Target selection for antibody–drug conjugates (ADC) frequently focuses on identifying antigens with differential expression in tumor and normal tissue, to mitigate the risk of on-target toxicity. However, this strategy restricts the possible target space. SLC34A2/NaPi2b is a sodium phosphate transporter expressed in a variety of human tumors including lung and ovarian carcinoma, as well as the normal tissues from which these tumors arise. Previous clinical trials with a NaPi2b targeting MMAE-ADCs have shown objective durable responses. However, the protein-based biomarker assay developed for use in that study was unable to discern a statistically significant relationship between NaPi2b protein expression and the probability of response. XMT-1536 is a NaPi2b targeting ADC comprised of a unique humanized antibody conjugated with 10–15 auristatin F- hydroxypropylamide (AF-HPA) payload molecules via the Dolaflexin platform. AF-HPA is a cell-permeable, antimitotic compound that is slowly metabolized intratumorally to an active, very low-permeable metabolite, auristatin F (AF), resulting in controlled bystander killing. We describe the preclinical in vitro and in vivo antitumor effects of XMT-1536 in models of ovarian and lung adenocarcinoma. Pharmacokinetic analysis showed approximately proportional increases in exposure in rat and monkey. Systemic free AF-HPA and AF concentrations were observed to be low in all animal species. Finally, we describe a unique IHC reagent, generated from a chimeric construct of the therapeutic antibody, that was used to derive a target expression and efficacy relationship in a series of ovarian primary xenograft cancer models.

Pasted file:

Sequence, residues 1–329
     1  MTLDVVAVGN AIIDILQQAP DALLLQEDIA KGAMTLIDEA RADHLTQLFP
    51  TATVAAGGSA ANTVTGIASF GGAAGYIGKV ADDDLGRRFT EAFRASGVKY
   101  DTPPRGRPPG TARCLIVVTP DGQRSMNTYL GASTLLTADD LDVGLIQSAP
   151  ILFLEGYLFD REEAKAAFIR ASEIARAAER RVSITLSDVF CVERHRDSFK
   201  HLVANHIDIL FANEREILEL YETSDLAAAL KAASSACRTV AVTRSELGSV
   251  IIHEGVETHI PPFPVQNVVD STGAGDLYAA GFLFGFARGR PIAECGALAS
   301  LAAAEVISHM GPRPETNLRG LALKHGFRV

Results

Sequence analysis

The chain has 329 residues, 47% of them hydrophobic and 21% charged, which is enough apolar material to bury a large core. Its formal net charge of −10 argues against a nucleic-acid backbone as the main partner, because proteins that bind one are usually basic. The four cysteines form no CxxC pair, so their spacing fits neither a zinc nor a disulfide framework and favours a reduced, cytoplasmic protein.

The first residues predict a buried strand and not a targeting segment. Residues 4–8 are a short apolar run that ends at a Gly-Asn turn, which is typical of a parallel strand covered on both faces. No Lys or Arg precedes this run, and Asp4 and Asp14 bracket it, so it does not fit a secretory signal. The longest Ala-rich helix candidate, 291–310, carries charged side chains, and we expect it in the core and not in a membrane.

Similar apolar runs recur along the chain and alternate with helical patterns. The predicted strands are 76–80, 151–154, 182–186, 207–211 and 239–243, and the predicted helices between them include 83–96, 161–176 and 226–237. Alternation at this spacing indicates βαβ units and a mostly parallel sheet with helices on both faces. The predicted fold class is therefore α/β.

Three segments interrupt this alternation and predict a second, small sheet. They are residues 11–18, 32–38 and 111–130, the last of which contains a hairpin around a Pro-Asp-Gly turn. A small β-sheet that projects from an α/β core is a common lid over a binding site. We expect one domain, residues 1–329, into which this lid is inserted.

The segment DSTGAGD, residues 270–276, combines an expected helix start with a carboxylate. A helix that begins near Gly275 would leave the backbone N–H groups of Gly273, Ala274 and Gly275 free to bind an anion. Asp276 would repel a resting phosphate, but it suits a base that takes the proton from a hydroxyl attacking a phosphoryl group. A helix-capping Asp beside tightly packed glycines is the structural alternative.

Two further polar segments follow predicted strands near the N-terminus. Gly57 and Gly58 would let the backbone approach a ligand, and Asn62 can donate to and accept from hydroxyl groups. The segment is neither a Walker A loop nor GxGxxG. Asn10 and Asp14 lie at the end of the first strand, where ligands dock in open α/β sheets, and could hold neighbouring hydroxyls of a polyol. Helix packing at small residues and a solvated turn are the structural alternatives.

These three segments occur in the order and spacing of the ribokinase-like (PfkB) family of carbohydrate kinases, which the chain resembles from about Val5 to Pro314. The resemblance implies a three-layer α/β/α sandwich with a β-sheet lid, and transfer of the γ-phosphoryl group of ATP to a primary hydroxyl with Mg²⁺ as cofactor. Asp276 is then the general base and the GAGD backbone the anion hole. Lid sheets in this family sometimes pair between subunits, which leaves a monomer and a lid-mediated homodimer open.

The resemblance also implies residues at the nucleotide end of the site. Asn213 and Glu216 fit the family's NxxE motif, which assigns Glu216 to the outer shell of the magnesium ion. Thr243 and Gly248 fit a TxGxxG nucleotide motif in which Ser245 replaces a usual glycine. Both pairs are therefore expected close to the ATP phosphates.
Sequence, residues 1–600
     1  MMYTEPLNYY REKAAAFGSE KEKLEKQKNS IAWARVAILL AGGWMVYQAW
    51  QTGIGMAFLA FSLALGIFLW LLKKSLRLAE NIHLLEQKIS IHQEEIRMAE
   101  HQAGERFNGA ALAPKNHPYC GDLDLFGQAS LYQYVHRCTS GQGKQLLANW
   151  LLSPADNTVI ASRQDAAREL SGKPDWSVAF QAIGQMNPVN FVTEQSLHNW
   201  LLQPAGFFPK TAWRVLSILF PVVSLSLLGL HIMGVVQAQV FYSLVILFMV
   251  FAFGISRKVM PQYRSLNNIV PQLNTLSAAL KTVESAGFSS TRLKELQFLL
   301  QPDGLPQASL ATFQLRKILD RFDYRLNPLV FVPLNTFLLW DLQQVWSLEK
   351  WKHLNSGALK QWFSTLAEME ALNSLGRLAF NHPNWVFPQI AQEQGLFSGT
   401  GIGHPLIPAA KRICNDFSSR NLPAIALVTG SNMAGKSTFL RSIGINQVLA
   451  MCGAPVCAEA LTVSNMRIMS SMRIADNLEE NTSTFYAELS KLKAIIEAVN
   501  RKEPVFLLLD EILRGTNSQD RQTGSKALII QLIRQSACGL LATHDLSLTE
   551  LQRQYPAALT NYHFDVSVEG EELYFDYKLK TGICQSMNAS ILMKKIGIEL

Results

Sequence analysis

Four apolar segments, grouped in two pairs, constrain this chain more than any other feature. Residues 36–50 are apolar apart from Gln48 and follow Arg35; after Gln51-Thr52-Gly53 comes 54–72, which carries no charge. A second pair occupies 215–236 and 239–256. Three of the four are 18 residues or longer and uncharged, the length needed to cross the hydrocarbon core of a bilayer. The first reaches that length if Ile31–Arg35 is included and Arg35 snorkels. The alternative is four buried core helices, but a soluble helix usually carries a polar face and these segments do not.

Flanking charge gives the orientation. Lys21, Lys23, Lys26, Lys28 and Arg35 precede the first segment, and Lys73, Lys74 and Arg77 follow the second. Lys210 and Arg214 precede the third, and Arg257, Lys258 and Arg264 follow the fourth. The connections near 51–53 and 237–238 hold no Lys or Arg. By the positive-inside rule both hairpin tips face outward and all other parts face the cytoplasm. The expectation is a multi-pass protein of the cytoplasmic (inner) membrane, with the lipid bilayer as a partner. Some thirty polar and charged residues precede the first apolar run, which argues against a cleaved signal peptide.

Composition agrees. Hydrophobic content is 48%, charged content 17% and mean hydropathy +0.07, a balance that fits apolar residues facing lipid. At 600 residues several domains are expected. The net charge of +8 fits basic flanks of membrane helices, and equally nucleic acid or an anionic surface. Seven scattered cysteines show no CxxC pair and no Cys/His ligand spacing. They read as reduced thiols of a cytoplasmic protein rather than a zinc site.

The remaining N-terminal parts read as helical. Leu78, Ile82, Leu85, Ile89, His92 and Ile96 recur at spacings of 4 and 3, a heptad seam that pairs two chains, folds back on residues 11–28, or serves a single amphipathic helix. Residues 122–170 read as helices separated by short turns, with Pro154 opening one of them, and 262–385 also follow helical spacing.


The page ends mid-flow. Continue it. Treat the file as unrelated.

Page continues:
Antibody–drug conjugates (ADC) enable the tumor-targeted delivery of cytotoxic agents. This therapeutic modality reduces the systemic toxicity associated with potent chemotherapeutic agents while enhancing the antitumor activity (1, 2).
Of the seven FDA-approved ADCs, four target lineage-specific hematologic antigens that are not markedly differentially expressed in neoplastic versus nonneoplastic cells. CD30 is expressed in activated T and B cells (3, 4); brentuximab-vedotin, an ADC targeting CD30, is approved for the treatment of tumors arising from these cell populations, including Hodgkin lymphoma and systemic anaplastic large cell lymphoma (2, 5, 6). Inotuzumab ozogamicin targets CD22, a B-cell lineage antigen, and is approved for B-cell precursor acute lymphoblastic leukemia (7). Gentuzumab ozogamicin targets CD33, a myeloid lineage antigen, and is approved for acute myeloid leukemia (8). Polatuzumab vedotin targets CD79b, an antigen expressed in B cells and B-cell lymphoma (9).